We do a bit of math Monday through Friday. Our teacher has recommended these math workbooks which we like, and we try to do 20-30 minutes in the mornings.
We then do arts and crafts on most days, and we tackle something “interesting” every day as well – we are currently into wild animals (lions and tigers especially!), but we’ve also done a bit of space exploration, and we are moving on to Native Americans next.
The girls also love to read, so we’ve been ordering huge amounts of books for them and then pass them on to other kids on our street or their classmates. I’ve stopped imposing any kinds of restrictions (other than the obvious age-appropriate ones), so they get to read what they want. I figure they’ll be given plenty of compulsive reading back in school, so now is the perfect time to teach them a love of reading on their own.
Set boundaries and stick to them
When it comes to working from home, we’ve found that setting up some space (if you can) for work is the best option. We don’t have an office or anything like it, so my husband and I commandeer the kitchen table for work. When he’s in online meetings we all leave the room, and vice versa.
The girls have been great with the work boundaries – we put a sign on the table that says “work in progress” when we really don’t want to be interrupted, and they know to give us some space. They have taken to leaving us elaborate messages though, so we also have a chuckle reading those (mostly about what one of the dogs did).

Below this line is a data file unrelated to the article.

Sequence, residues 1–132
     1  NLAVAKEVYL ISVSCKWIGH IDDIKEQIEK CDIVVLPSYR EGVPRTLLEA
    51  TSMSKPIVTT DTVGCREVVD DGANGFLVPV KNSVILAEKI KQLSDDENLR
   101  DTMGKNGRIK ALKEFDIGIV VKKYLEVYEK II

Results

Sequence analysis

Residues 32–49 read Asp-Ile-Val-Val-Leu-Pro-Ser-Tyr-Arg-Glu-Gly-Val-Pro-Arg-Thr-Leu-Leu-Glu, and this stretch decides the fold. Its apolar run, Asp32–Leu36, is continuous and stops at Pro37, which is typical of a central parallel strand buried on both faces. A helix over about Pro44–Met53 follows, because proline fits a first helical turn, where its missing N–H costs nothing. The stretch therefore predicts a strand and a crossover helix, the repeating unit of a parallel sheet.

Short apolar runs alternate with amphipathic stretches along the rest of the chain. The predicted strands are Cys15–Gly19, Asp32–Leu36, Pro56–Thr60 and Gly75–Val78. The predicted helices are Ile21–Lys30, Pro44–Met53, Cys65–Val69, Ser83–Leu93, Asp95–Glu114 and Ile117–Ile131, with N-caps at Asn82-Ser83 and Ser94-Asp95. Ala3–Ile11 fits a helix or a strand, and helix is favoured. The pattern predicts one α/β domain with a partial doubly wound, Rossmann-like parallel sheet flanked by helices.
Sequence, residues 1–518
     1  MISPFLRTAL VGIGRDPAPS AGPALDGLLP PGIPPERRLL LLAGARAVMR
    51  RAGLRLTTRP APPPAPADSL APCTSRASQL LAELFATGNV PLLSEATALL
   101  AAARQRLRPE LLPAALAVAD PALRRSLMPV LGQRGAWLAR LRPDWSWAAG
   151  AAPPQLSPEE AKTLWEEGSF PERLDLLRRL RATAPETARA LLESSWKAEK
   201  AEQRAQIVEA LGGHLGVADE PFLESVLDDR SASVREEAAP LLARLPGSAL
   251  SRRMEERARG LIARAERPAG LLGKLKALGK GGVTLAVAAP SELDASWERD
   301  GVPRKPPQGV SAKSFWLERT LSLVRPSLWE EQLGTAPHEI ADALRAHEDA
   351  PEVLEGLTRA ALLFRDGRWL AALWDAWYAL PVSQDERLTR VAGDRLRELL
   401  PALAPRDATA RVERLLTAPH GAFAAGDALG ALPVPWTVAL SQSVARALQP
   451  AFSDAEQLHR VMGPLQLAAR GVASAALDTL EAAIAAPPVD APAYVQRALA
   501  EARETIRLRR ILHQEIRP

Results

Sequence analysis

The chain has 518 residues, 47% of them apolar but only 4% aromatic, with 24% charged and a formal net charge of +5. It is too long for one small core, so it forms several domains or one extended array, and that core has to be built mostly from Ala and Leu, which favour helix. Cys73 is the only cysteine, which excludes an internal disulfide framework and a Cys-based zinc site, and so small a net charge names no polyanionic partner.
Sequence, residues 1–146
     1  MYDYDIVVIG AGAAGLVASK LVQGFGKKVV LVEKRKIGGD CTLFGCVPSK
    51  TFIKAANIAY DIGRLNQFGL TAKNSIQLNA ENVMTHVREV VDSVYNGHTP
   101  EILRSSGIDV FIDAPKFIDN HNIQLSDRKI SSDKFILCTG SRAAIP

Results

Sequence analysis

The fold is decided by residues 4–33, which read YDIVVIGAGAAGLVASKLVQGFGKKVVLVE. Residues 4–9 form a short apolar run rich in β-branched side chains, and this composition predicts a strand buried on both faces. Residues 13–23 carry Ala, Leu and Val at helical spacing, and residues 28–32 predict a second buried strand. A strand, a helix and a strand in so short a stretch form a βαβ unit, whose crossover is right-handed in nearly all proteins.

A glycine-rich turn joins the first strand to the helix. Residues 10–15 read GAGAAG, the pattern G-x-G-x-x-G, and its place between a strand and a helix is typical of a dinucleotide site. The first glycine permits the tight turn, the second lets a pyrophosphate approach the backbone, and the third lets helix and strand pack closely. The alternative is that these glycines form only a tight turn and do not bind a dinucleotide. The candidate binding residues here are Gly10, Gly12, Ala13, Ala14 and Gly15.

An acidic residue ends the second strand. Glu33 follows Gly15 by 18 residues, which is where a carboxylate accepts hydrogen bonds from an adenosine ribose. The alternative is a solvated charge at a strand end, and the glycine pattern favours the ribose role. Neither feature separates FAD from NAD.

Setting working hours if you can is a great way to get actual work done – but don’t force yourself to work if your focus is not there and you are able to set your own schedule. I work for myself, so can pretty much organize my day however I want, which is the worst double-edged sword of its kind. But with a little pre-planning and some strategy, anything is possible. My advice? Get the worst of your workload done first, and leave the more fun and interesting bits for later.
Self-care doesn’t always look the way you might think
Finally, let me just emphasize how important it is to find some time for yourself. We all need to rest and unwind even at the best of times, and now, we need it more than ever.
However, I don’t believe this resting and unwinding needs to be a separate section in your schedule. Of course it can be, and you do need some alone time, but even if you don’t get to set aside significant time during the week, you can still do things for yourself.
That is the magic of multitasking. Do a foot mask while sitting at the computer, or listen to a book while you cook. Also, don’t forget that you do enjoy some of your “chores.” For example, watching Lion King for the seventieth time can give you some down time and some bonding time, cooking with the kids may get messy but can be fun and educational, or maybe even doing the dishes or folding laundry helps you relax.
The trick is to find your joy and your center in the little things – it will help your stress levels enormously, and you will feel much better for it.
To sum it up…
Getting everything done is a bit of an illusion – there will naturally be things we don’t do on a given day or week, and that’s okay. Just do what you can and when you can, don’t put too much pressure on yourself, and things will find a way to work themselves out. And who knows, you might just find that some of the tricks you learn during the pandemic will be things that benefit you and your family for years to come.